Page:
A Cheat Sheet on Ferns

Updated: Apr 11



Part of what makes Painters so magical this time of year is the lush canopy of ferns lining the ceiling. There is nothing like it!


We are kind of famous for our ferns. Why is that? We grow the majority of them on site from plugs. We started growing our (now giant) Boston Ferns last July! There is something special about being involved in every step of the growing process - we can tell you everything that has ever touched our ferns, can guarantee they were grown with love, plus locally grown means a smaller carbon footprint (no transporting fully grown plants)!


We’ve got thousands of ferns, and multiple varieties to choose from… but how do you know which fern is right for you? Here’s a cheat sheet:


  • Boston Ferns - When you think of hanging porch ferns, these are probably what comes to mind. They like to remain evenly moist, cannot tolerate direct sun but do well in medium/bright indirect light, can grow 2-3 wide, and while they have been used as a houseplant since Victorian times, their tendency to shed means we prefer to keep them on the porch during the warmer months and treat them as annuals rather than bringing them inside.



  • Macho Ferns - The name says it all! These big guys like bright morning light and can grow up to 4 ft tall and 5-6ft wide. Their fronds have a thicker, leathery appearance and glossy shine, which combined with their size make quite the statement.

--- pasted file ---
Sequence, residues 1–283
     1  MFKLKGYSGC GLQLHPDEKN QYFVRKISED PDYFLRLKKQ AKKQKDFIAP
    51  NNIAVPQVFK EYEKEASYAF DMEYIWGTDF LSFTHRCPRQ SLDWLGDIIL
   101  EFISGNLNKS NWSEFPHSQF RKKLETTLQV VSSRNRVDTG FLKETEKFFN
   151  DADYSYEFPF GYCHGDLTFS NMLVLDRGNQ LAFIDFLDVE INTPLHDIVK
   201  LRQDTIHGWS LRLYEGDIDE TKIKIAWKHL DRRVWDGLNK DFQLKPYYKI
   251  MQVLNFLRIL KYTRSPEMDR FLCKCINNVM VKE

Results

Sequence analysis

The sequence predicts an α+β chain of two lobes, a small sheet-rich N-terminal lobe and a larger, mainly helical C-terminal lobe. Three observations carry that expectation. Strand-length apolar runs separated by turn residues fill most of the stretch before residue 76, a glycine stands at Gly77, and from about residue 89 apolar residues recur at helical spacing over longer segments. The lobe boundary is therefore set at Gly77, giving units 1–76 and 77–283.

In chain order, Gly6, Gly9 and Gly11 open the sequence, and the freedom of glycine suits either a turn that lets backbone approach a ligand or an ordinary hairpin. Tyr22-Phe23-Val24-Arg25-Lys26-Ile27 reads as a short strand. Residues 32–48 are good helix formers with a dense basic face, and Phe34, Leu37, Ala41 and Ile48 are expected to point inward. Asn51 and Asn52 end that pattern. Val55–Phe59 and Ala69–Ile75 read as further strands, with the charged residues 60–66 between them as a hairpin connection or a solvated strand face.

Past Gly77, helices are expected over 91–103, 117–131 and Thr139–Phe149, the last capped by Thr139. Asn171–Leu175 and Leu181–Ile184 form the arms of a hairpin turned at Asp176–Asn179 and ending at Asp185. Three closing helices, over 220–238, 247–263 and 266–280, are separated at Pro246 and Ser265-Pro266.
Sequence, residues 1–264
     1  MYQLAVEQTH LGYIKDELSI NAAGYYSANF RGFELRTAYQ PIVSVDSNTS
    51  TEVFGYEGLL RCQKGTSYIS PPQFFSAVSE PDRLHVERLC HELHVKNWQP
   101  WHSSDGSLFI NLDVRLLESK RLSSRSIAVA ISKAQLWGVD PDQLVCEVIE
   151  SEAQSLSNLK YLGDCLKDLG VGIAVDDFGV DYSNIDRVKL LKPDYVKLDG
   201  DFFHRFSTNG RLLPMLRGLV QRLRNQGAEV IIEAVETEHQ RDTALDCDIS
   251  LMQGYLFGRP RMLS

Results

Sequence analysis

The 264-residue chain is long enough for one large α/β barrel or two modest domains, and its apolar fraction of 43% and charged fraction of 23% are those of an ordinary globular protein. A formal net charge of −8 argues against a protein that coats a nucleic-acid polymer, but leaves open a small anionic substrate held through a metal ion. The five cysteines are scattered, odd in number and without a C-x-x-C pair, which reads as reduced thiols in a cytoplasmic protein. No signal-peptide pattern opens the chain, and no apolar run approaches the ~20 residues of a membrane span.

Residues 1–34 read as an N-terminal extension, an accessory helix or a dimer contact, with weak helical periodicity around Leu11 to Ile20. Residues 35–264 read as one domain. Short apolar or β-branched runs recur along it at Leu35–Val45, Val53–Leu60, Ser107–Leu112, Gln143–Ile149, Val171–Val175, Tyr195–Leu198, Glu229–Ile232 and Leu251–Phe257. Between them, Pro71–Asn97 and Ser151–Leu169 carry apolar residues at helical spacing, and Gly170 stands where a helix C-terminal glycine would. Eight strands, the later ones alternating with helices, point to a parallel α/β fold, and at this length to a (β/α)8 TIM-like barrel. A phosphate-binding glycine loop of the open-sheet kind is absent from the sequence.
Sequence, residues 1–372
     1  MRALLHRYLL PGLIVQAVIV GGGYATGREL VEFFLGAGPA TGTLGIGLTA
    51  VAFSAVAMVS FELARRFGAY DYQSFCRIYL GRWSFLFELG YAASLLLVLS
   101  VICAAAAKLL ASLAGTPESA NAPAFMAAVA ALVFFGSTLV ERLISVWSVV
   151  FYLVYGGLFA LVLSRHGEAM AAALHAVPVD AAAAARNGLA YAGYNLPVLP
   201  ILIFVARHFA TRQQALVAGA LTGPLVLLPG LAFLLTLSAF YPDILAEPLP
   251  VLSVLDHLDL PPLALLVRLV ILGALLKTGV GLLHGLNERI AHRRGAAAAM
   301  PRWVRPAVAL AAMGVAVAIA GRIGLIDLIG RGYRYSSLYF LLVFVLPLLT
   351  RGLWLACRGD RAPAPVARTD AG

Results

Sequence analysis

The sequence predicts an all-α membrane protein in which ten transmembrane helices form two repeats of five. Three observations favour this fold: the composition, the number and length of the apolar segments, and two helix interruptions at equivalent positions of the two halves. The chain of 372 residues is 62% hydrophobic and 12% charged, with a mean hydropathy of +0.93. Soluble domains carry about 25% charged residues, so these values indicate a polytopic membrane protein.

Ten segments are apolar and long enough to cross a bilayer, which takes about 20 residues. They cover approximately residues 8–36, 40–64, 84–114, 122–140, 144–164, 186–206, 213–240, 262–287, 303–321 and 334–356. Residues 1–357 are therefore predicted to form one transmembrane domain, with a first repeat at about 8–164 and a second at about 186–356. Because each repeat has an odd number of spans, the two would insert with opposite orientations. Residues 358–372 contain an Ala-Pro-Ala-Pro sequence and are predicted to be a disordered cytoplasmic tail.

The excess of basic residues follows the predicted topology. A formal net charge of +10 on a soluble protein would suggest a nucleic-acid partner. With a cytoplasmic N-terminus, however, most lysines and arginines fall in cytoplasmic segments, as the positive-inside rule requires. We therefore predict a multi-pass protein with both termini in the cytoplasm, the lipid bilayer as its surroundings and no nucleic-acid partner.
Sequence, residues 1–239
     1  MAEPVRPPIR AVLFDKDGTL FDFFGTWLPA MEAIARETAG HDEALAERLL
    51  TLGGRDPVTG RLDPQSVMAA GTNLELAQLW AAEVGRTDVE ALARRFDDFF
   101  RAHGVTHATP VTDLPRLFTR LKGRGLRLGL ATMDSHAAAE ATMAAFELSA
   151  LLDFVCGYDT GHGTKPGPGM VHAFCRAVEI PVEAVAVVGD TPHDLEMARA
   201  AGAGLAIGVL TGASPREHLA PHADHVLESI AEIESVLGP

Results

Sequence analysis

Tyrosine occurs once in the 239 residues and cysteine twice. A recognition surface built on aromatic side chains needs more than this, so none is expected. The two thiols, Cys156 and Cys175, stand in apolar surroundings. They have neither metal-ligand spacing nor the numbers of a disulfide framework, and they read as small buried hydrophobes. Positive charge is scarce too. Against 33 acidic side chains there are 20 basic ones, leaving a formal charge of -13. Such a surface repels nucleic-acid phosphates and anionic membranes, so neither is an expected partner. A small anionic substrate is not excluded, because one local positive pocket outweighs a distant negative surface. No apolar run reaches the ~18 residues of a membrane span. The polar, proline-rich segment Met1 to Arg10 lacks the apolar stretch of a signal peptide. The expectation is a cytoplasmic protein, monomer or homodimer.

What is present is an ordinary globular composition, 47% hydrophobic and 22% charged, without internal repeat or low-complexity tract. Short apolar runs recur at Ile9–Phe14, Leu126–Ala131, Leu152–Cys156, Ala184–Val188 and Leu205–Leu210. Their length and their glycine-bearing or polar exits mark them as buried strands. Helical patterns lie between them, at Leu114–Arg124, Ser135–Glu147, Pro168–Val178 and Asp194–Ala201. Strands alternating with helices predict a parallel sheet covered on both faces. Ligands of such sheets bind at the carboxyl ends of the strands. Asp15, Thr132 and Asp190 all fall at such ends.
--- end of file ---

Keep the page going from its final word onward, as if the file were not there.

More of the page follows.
• Petticoat Ferns - A cousin of the familiar Boston Fern, these ferns fill hanging baskets beautifully and offer a full appearance that hides almost any container. The fun thing about Petticoats (and where they get their name) is the ruffled frond tips! They like part-full shade and to remain evenly moist.


  • Kim Queen Ferns - This fern has more of an upright growth habit, and is well suited to hanging baskets and porch pots. Out of these options, this is the best choice for an indoor fern, as it sheds little and will over-winter nicely indoors. Additionally Kim Queen ferns can tolerate the most light of those listed (and also survive in very low light!).



  • Tiger Ferns - These ferns have a unique marbled coloring (they’re actually variegated Boston Ferns). Their yellowy green, patterned fronds tend to grab attention! They like indirect light/shade and are otherwise similar to Boston Ferns.




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